Located in the Vatican city,the Vatican Museum hosts the largest art collection in the world. With a total of 54 galleries inside, the museum is home to modern religious art ,Roman sculptures, artworks from classical collection of the Catholic Church to ancient Egyptian pieces.
Distance: 15 minutes walk
The Sistine Chapel is a 14th century chapel best known as the prestigious location where Popes are chosen and crowned. Located inside the Vatican Museum, it is designed by Michelangelo and contains the works of many artists including Botticelli, Luca and Perugino.
Restaurants near the museum
Here are the top three places to eat nearby, all within a 3 minute's walk from the museum.
A cozy family-run restaurant offering local cuisine ranging including pizza Roma, spaghetti carbonara and lasagne. Known for its affordable price and delicious meals, the restaurant will be the best option to curb your hunger. Plus, tiramisu is popular. They offer vegetarian meals too.Find on Map >
Mama Eat is a typical Neapolitan restaurant. Affordable and popular, the place is perfect for trying the local cuisine without a hole in the pocket. They serve anything from risottos, scugnizielli, to croquettes. They do offer a variety of gluten-free dishes.Find on Map >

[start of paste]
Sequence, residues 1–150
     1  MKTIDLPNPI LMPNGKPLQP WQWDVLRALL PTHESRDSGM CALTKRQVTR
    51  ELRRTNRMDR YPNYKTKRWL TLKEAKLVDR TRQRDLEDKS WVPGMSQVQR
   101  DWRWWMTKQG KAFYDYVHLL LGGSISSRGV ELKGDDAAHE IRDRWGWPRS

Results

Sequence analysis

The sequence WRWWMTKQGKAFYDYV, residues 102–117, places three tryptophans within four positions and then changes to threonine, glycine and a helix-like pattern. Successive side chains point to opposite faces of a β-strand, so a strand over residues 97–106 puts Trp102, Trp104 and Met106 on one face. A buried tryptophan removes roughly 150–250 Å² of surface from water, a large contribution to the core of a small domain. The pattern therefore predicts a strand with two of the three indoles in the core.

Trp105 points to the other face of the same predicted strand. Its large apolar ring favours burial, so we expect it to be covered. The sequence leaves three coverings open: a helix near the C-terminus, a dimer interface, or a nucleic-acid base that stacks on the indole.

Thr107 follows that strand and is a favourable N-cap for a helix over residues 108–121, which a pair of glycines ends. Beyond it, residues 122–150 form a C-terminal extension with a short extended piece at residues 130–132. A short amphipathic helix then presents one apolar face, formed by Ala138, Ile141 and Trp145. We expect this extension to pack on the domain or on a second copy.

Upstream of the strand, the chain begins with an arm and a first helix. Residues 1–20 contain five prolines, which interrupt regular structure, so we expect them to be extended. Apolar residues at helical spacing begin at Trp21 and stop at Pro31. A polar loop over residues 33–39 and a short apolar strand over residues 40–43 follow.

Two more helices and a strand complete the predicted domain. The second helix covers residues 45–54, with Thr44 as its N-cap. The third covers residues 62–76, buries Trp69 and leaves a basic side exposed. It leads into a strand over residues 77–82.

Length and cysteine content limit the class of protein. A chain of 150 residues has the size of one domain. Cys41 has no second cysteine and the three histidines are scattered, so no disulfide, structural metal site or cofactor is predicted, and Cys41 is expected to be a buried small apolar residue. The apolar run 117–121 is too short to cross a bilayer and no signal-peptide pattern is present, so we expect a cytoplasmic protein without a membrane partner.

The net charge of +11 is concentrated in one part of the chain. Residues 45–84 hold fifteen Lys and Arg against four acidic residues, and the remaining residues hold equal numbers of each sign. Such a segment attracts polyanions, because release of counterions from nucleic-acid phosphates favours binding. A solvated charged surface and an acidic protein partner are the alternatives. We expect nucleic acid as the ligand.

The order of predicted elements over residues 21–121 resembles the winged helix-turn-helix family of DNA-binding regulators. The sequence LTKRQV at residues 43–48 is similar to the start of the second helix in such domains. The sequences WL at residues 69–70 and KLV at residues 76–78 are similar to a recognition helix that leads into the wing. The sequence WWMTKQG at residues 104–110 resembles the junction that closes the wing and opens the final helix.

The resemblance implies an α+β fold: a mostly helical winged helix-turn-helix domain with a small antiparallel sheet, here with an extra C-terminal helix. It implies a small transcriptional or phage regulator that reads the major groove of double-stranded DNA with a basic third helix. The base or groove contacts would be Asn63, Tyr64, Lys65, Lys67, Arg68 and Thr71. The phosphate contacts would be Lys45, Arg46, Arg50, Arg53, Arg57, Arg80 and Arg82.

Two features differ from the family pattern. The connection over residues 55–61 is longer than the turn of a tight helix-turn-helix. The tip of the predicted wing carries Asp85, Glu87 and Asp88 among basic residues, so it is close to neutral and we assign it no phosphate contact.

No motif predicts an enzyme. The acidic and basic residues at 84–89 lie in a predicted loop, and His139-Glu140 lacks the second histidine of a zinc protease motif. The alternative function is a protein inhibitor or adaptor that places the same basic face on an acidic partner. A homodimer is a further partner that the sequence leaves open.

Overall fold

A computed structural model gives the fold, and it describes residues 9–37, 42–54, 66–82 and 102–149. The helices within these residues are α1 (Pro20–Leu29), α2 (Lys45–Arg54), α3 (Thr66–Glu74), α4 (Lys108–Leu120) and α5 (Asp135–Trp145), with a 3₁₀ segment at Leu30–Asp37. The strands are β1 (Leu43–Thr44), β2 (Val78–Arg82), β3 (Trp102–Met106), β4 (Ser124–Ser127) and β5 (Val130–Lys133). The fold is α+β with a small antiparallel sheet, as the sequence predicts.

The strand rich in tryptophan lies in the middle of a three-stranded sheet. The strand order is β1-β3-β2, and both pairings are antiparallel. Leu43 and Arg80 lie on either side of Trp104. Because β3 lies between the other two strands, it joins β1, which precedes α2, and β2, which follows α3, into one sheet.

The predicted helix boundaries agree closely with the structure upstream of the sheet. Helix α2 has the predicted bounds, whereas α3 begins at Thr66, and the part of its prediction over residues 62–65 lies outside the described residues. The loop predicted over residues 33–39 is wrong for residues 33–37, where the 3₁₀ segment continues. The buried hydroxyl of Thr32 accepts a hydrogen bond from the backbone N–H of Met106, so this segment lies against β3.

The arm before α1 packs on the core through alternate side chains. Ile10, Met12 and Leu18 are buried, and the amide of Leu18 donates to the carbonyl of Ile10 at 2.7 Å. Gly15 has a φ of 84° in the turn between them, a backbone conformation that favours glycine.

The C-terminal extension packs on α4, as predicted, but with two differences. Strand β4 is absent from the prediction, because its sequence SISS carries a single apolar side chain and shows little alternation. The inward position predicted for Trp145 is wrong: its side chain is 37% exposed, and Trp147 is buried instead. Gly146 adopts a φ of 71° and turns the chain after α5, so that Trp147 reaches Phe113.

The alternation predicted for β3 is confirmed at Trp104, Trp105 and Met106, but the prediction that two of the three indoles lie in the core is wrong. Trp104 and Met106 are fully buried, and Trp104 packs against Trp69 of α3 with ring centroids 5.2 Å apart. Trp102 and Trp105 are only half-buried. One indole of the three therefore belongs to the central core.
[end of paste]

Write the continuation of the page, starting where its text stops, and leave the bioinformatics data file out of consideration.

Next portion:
Known for its chef’s special meatball sandwiches, porchetta, and pizza, the place is packed mostly, however their quick service saves time. Offering Romana, Lazio, and Italian cuisine, they sure do offer a delectable palate. They offer both vegetarian and vegan options.Find on Map >
The Leonardo Da Vinci Experience Museum is located in Via della Conciliazione 19 in the Rione of Borgo within Rome, just a few steps from the Vatican. It is the same street connecting Saint Peter's Square to the Castel Sant'Angelo.
The ticket costs vary. Book your tickets directly through Headout to skip the lines and enjoy a seamless experience.
Though Rome is packed round the year, November to March is less crowded. It is also best to avoid weekends and during Easter.
Ideally it should take one hour to a maximum of two hours to cover the entire museum.
The museum opens every day from 9:00 AM to 7:30 PM (19:30) , with the last last entrance at 6:30 PM (18:30).
Yes, you get to see the full-scale certified reproduction of the Last Supper and inscriptions with the mysteries behind it.
Other top Experiences in Rome
The Leonardo Da Vinci Museum is quite a catch for art and science buffs, and fortunately Italy has tons of places to fit your match. Here are some other attractions that are now open to the public that cannot be missed! Check out more things to do at Rome.